Yet another Ulster deadline is now imminent, with no sign of progress. It is fortunate that this deadline's approach was not heralded by deaths in London, but bombs can simplify issues and clarify moral choices.
It is not yet clear whether the Real IRA (RIRA), which was responsible for Thursday night's bomb in Ealing, West London, merely botched its warning message or whether it did so deliberately in the hope of killing large numbers of people. Whether or not it intended to commit murder, its primary purpose was not homicidal but political.
RIRA was sending a double warning, to the British Government and the Provisional IRA. It was telling London that there would be no point in basing hopes on Gerry Adams. Even if the Provos handed over their weaponry, RIRA would retain its.
But there was also a message for Mr Adams: a reminder of the history of the republican movement (not that he needs one). In large measure, the 20th-century history of republicanism is one of splits and strife. A group of former gunmen will decide that they have achieved enough of their objectives to enable them to renounce violence in favour of democratic politics. But many of their associates disagree and signal their refusal to give up guns by turning them on their former colleagues, whom they see as traitors. Michael Collins was the most famous victim of this process; there were hundreds of others.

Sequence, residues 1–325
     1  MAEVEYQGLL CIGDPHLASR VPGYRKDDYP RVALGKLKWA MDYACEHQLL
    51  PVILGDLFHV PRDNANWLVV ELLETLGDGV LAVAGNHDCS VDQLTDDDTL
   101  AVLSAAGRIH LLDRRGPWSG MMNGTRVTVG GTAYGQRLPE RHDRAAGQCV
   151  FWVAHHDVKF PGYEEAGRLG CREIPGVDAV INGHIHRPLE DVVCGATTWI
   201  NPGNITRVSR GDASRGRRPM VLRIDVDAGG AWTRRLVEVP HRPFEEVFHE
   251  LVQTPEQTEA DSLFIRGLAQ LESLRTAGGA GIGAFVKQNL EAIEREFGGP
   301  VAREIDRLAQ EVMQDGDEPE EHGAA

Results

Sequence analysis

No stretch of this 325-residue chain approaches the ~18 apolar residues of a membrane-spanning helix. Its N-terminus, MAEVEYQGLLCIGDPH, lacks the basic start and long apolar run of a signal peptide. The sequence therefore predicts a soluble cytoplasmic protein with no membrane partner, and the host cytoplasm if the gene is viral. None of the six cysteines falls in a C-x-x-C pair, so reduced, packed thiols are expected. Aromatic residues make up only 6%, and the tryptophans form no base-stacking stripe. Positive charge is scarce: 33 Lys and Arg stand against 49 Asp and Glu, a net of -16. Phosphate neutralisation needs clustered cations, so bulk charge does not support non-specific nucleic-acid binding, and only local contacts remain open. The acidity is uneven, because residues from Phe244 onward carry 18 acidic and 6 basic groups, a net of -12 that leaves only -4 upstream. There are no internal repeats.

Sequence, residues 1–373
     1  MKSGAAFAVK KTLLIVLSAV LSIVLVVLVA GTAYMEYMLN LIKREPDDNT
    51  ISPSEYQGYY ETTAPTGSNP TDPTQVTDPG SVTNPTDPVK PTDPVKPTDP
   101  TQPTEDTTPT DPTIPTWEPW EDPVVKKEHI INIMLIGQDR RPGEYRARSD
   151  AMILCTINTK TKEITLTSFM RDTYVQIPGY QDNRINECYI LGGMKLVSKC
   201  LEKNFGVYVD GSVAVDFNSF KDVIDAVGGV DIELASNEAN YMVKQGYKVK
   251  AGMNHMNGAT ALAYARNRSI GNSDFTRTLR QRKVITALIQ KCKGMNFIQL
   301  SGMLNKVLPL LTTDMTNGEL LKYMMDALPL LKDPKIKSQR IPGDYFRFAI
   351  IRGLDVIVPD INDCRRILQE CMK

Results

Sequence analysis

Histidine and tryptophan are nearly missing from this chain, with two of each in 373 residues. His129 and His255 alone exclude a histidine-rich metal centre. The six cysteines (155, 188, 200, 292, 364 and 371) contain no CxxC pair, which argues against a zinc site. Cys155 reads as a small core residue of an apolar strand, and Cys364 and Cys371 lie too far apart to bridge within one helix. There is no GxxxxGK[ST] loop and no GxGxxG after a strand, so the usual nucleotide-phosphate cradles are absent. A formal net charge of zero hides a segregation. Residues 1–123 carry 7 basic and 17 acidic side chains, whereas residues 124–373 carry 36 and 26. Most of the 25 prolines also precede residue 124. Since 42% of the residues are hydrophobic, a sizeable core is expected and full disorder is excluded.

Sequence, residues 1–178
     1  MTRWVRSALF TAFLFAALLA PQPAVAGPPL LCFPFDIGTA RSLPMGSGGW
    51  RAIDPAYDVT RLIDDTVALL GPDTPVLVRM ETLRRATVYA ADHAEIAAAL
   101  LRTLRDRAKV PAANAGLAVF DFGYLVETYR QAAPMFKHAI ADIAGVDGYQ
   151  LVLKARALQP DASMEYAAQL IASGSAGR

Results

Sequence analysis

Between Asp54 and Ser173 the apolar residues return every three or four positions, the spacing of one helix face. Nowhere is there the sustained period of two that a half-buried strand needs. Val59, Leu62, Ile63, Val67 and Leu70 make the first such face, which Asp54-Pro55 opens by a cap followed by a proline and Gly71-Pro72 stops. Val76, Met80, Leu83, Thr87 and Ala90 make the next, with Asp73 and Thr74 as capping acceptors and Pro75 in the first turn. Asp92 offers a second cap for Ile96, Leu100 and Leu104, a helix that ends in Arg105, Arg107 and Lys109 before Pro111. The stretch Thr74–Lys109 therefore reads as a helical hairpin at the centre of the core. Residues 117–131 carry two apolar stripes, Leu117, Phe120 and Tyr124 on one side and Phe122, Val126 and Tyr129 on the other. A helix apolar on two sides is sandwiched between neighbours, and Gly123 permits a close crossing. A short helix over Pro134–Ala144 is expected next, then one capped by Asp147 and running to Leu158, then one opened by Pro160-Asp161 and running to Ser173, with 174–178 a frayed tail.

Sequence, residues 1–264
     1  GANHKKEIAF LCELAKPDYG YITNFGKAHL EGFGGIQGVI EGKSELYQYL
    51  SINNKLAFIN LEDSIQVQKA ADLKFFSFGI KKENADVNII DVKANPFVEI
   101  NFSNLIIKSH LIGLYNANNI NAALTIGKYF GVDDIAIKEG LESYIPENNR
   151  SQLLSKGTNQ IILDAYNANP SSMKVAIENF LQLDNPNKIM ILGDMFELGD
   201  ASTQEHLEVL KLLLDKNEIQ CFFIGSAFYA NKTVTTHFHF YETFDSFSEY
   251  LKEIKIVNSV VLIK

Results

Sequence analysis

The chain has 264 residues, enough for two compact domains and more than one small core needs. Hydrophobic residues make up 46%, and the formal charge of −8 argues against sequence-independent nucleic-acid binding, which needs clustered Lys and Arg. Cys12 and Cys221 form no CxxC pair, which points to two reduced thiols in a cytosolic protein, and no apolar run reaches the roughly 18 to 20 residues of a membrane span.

In three decades of terrorism, the Provos have already fought three vicious little turf wars against republican rivals, all of which they won. But RIRA would be a much more considerable opponent, for it would win many adherents from within the Provos' ranks. That is the principal reason why the Provos have not moved against RIRA already. The Provos could not be certain of winning.
Mr Adams is not a closet RIRA supporter; he is now ready for the parliamentary road. Over the past two or three years, his political wing, Sinn Fein, has made significant political advances in Ulster and the Republic. In the North, Sinn Fein has overtaken the SDLP. John Hume, whose health is uncertain, is presiding over a dying party, while Sinn Fein seems to have an endless supply of young militants. Until 1997, the SDLP held West Belfast. Martin McGuinness has turned it into a safe Sinn Fein seat, and he has 19 offices in the constituency. If there were fresh elections for the Northern Ireland Assembly, Sinn Fein would probably be returned as the second largest party, while the SDLP would be reduced to little more than insignificance.
In the South, an election is due next year. Most observers expect Shin Fein to win around six seats, though that could prove an underestimate. The present Dublin political establishment has been discredited by a series of corruption scandals, whereas Mr Adams and Mr McGuinness are widely seen as romantic figures. Sinn Fein is also building up a network of intimidation and favours in working-class Dublin, filling a vacuum created by the decline of the traditional parties.
These mutually reinforcing electoral successes in the North and the South have enhanced the prestige and living standards of Mr Adams. Comfortable travel, the plaudits of the naive and the credulous, a general reluctance to check his hands for bloodstains; all this is a much more enjoyable mode of life than wary journeys between dubious safe houses.